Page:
5 Questions For The 2019-2020 San Jose Sharks Season
With the beginning of the San Jose Sharks season rapidly approaching, here are 5 things to watch for as the 2019-2020 campaign rolls on for team teal.
Last season, the Sharks finished dead last in the NHL with a save percentage at .889 while finishing 22nd in goals against average with 3.00. In fact, the Sharks entered the postseason with the worst goalie numbers of the 16 participating teams.
One of the factors was a porous defense that contributed in allowing 258 goals for 21st in the NHL. The Sharks also allowed a goal in the first 5 minutes of a game 28 times last season, going 11-16-1 in those tilts.
Predictably, the Sharks fared much better when they gave their netminder some help. In 62 of 82 games last season, the Sharks scored 3 or more goals, posting a record of 46-16. Can Martin Jones bounce back after a subpar 2018-2019?
While “Pickles” didn’t have an awful 2018-2019 season, it was certainly far from his best. Most will point to the fact that he never really found his groove due to the musical chairs of defense partners he was paired with.
Whether it was Justin Braun, Erik Karlsson or anyone else, it took half a season for MEV to return to form. Not only did Vlasic have his worst point total in 4 seasons, it was the first time in over a decade that the shutdown defenseman posted a minus rating with -6.
That said, Vlasic was a key cog in the machine during Round 1 of the playoffs. Vlasic played in 4 matches of the 7 game series. The Sharks won all 4, but lost the 3 games Vlasic missed. With his longtime defensive partner, Justin Braun, off to Philadelphia, can MEV find chemistry quickly in a likely pairing with Erik Karlsson or Tim Heed?
Joe Pavelski, Joonas Donskoi, and Gustav Nyquist
During the ’18-’19 season, the Sharks posted a +31 goal differential, finishing 7th in the league. That sounds great until you realize that 38 goals last season came off the stick of Captain America.
Joonas Donskoi and Gustav Nyquist combined to find the back of the net 20 times last season also. When you consider that Pavelski averaged 34 goals per season over the last 6 campaigns, the Sharks will need to find those goals elsewhere now that Pavs is in Dallas.
Kevin Labanc is betting he’ll improve on his goal total of 17 last season. Marcus Sorensen should also boost his goal output of 17 last season. Whether more comes from those two or a combination including Dylan Gambrell, Ivan Chekhovich, or Sasha Chmelevski, the Sharks will need more contribution and significantly better defense and goaltending. How will the Sharks replace the points from Joe Pavelski, Joonas Donskoi, and Gustav Nyquist?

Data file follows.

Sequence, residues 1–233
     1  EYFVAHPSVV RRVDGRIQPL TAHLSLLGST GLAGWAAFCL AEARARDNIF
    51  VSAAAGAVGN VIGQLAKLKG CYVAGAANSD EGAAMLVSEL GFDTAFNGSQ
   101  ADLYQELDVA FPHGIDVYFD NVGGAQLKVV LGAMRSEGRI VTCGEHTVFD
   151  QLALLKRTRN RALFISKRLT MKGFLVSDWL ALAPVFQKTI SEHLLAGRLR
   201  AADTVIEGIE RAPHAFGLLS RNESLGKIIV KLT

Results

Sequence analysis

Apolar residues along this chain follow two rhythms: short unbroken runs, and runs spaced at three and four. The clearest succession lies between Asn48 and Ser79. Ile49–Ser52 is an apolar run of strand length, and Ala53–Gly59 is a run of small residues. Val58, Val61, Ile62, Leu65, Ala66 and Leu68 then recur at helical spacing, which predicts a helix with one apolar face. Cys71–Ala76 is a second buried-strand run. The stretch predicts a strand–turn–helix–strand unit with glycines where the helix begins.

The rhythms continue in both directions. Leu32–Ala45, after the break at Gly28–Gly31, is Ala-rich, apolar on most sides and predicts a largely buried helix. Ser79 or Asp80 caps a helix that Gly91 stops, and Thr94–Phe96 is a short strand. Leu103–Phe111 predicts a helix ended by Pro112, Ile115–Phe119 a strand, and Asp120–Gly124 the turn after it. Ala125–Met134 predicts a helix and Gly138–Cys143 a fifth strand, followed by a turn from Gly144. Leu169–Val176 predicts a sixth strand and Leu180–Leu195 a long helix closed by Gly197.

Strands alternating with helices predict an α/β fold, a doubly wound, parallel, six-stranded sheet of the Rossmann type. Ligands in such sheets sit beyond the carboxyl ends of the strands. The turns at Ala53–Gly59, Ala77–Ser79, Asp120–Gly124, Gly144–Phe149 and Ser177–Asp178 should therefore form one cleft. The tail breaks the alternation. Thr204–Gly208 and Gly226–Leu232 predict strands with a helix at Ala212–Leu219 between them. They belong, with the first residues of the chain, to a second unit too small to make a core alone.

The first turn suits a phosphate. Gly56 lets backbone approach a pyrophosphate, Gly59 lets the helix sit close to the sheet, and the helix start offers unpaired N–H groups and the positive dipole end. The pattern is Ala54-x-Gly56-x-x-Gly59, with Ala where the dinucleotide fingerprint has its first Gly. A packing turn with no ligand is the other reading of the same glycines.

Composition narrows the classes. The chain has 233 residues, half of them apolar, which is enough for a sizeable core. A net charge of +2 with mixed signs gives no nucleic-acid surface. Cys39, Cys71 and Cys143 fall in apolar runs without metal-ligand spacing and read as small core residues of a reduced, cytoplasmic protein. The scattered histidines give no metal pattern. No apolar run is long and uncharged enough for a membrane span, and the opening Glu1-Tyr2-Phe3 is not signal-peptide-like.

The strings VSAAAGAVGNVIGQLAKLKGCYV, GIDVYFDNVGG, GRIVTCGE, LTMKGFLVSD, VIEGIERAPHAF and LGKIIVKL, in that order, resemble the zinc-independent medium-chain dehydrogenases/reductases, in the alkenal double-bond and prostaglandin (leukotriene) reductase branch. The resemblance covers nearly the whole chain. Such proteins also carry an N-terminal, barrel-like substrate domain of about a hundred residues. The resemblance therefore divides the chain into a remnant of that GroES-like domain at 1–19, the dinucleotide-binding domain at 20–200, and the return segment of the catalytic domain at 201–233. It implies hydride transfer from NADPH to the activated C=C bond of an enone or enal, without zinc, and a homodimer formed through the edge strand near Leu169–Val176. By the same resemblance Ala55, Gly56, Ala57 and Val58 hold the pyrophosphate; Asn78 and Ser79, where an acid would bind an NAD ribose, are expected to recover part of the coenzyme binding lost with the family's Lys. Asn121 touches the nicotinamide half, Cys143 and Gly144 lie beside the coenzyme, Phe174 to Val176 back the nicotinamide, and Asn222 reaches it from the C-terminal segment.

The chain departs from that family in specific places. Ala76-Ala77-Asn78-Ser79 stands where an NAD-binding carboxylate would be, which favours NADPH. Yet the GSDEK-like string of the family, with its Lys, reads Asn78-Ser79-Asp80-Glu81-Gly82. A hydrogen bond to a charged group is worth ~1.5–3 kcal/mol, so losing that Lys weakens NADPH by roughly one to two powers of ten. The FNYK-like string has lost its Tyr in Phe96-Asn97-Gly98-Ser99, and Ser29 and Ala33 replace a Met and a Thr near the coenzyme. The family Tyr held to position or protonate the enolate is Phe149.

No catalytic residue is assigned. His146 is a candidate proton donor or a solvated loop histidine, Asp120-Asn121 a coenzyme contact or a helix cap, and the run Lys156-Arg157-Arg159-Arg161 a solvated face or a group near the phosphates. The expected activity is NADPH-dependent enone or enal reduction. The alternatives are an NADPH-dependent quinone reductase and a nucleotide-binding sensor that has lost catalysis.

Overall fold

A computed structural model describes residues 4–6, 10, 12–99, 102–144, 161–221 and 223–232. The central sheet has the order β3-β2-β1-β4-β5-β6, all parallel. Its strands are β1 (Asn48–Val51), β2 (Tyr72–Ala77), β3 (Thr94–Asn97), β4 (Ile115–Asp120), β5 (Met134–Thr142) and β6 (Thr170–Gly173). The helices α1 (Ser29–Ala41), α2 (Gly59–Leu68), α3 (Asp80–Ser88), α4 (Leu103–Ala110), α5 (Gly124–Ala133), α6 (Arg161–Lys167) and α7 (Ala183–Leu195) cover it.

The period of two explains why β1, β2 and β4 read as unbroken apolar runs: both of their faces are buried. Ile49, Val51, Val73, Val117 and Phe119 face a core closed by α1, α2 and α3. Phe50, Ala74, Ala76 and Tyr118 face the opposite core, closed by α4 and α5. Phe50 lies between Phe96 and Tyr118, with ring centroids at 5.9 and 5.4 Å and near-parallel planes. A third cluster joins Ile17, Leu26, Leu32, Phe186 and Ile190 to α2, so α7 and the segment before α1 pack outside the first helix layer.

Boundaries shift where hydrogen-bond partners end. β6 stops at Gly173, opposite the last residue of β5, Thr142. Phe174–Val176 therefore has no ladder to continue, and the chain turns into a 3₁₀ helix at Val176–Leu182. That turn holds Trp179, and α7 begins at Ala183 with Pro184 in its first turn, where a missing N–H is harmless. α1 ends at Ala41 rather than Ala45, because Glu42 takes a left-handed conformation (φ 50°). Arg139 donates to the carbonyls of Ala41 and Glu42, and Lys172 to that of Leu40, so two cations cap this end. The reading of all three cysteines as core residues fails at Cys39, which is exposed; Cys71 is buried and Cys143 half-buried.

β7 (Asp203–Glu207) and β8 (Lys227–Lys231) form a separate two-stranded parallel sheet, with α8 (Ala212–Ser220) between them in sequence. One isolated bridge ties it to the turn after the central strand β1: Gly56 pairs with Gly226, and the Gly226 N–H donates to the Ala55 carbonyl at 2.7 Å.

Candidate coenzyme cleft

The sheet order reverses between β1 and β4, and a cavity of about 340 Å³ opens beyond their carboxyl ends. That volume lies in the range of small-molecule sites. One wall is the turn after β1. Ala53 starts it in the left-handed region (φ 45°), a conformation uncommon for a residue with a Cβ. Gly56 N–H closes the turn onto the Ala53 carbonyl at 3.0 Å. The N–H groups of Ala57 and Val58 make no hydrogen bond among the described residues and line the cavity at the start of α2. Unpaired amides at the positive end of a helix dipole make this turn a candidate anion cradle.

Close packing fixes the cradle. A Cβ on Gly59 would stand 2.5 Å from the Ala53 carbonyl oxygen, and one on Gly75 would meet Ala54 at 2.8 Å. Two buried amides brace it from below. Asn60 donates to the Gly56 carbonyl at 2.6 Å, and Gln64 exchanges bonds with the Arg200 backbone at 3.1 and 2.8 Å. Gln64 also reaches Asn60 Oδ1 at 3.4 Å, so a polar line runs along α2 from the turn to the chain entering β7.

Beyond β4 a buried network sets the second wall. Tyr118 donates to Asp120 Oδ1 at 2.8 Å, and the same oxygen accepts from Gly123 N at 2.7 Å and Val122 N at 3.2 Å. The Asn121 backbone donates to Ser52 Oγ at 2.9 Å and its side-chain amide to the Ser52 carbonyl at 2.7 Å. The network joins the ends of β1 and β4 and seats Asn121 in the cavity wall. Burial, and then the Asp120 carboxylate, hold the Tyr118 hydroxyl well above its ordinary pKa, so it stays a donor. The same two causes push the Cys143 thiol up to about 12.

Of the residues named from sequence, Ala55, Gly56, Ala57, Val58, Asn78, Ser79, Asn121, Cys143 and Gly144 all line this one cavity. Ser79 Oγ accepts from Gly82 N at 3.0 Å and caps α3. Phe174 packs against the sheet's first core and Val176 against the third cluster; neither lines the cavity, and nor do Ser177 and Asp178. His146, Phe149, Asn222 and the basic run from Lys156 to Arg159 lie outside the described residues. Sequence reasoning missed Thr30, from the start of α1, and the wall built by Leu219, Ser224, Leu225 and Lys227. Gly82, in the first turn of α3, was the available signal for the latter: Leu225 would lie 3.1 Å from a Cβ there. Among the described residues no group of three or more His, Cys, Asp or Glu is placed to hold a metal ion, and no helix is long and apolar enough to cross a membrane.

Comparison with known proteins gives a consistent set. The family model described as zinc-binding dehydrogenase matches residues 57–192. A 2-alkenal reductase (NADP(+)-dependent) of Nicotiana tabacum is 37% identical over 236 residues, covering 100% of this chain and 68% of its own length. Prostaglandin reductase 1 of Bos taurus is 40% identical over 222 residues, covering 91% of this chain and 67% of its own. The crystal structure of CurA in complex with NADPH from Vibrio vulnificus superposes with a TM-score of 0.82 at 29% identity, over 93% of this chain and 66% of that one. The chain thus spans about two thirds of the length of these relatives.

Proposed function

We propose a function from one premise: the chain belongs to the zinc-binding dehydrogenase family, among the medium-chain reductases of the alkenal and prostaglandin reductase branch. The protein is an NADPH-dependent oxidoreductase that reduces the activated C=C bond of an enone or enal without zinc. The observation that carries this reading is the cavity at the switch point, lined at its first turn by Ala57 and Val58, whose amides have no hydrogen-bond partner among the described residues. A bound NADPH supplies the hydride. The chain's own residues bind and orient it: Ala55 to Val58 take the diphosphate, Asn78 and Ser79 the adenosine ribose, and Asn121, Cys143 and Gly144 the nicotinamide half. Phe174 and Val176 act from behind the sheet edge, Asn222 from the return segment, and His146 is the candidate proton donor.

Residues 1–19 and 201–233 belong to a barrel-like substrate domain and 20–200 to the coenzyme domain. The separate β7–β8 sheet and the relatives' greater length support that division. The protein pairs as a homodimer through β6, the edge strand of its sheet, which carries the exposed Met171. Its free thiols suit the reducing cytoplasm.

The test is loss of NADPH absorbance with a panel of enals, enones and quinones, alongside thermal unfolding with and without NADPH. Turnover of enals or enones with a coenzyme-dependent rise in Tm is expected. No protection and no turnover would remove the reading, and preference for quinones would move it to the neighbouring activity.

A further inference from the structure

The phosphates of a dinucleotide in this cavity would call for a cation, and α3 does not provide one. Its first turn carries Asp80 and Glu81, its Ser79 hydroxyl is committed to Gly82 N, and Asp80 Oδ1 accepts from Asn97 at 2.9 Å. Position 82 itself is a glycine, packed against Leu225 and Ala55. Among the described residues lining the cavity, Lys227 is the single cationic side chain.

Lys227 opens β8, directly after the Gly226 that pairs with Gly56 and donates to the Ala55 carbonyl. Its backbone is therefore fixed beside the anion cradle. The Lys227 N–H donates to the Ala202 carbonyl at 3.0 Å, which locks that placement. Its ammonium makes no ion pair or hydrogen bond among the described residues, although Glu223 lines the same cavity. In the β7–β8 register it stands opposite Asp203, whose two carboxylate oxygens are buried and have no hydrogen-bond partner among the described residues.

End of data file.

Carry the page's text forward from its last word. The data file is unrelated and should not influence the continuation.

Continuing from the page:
After failing to make the playoffs, Boughner was fired after 2 seasons as head coach of the Florida Panthers. Less than 2 months after his dismissal, the Sharks announced he would return to San Jose as the defensive coach for team teal where he spent the ’15-’16 and ’16-’17 campaigns.
With Boughner behind the Sharks bench, the defense ranked 11th in GAA during ’15-’16 and shot up to 5th during the ’16-’17 season. During his 2 seasons in Florida, the Sharks defense ranked 9th in ’17-’18, but fell to 21st in GAA last season.
Besides Logan Couture wanting him back, Brent Burns must also be happy to see him with the Sharks as the coach helped him win a Norris Trophy in 2017. You may also remember that after a rough start last season for the Sharks, coach DeBoer shuffled coaching responsibilities. DeBoer replaced Rob Zettler with Steve Spott as the defense coach while replacing “eye in the sky” Dave Barr with Zettler as Barr was moved to the forward group.
Will Boughner have a dramatic impact on the defense for a team that allowed 258 goals last season with what appears to be a more talented defensive core?
Nice contract, you fucking bitch. Despite playing only 53 games in teal last season due to a lingering groin injury, Karlsson was still able to put up 45 points with 3 goals and 42 assists. With that production, Doug Wilson put all his eggs in the Karlsson basket and signed the 29 year-old blue liner to an 8 year, $92M deal.
Following the postseason, Karlsson had surgery to repair the issue but what if EK65 reinjures it or gets hurt again? The money spent on EK could’ve went a long way in keeping Pavelski, Donskoi, Nyquist, or going after other possible players.
If, for any reason during the first half of the 2019-2020 season, EK65 misses any significant time due to injury or fails to produce the numbers expected of the highest-paid NHL defenseman, you can bet fans will be talking an awful lot about EK’s contract and debating if the deal was too much. However, if he remains healthy, an awful lot of points should be coming from the blue line this season between Karlsson and that other Norris trophy-winning defenseman, Brent Burns.